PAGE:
There’s a tension between the traditional and the modern in Appalachia. Mixed in with a weak economy, geographic isolation, and environmental beauty, an argument about authenticity arises. Maneuvering among images of poor farmers, smartphones, lifted trucks, prosperity, flannel, and fine dining, the narrative about Appalachia makes some of that seem contradictory. Which is quite silly. Nothing is contradictory about having a middle-class or wealthy standard of living in Appalachia. In the stereotypical view shaped by outsiders, there is. As if not fishing, or attending college, makes you less Appalachian. But the portrayal of Appalachia is rarely controlled by residents, so the baggage remains and shapes perceptions of the area. Suburbia is familiar (and monotonous), but Appalachia remains a mystery in the contemporary mind. At best, it’s not a mystery, but a backward place that needs saving.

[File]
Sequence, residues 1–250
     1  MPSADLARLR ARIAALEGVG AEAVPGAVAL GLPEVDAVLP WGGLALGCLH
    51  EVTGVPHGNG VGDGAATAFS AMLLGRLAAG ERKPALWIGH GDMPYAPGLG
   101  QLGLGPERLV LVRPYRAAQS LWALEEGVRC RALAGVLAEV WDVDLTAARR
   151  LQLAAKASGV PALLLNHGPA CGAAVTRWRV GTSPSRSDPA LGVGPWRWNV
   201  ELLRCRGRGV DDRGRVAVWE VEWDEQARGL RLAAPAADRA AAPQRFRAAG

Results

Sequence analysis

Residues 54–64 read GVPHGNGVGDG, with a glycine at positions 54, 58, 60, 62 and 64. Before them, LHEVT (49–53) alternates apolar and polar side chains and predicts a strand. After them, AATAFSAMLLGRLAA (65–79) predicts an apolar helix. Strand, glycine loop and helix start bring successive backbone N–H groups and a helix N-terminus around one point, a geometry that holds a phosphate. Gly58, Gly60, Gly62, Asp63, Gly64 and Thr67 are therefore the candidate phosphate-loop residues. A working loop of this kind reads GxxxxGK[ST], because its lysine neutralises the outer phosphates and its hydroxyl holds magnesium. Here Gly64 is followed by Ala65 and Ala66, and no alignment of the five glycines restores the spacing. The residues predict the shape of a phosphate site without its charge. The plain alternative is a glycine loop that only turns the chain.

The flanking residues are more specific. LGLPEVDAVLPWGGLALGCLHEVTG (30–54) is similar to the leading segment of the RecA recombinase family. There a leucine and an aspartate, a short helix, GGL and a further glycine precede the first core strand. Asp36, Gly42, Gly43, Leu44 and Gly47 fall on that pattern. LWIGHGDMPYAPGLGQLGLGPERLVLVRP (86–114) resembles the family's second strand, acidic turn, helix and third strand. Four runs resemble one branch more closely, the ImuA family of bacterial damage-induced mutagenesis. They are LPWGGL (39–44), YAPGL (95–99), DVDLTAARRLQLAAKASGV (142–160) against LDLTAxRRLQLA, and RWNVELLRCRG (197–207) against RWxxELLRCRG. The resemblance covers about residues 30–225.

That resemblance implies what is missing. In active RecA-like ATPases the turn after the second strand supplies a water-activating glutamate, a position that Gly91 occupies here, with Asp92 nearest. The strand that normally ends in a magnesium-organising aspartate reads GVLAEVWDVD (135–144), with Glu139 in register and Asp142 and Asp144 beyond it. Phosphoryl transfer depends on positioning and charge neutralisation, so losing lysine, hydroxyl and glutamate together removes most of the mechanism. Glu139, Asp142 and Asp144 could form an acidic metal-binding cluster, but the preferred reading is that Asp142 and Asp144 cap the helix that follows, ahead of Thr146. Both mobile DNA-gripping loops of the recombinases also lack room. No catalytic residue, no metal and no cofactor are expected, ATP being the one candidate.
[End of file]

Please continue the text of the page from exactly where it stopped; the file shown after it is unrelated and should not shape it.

So visit Kentucky. Especially if you enjoy hiking, bluegrass, and country music. In the east, the Art Deco architecture, mining museums, coal country, Civil War history, and food hints at a culture rarely taught and hardly understood.
*Incidentally, the juxtaposition of Rogers’ biography with the Center for Responsibility and Ethics in Washington’s opinion of him is delightful. His Wikipedia entry also crafts a picture of him similar to Robert Byrd, a West Virginia senator who never saw a structure he didn’t think deserved his name on it.
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Anthony Hennen is a co-founder of expatalachians and managing editor at the James G. Martin Center for Academic Renewal in Raleigh, North Carolina.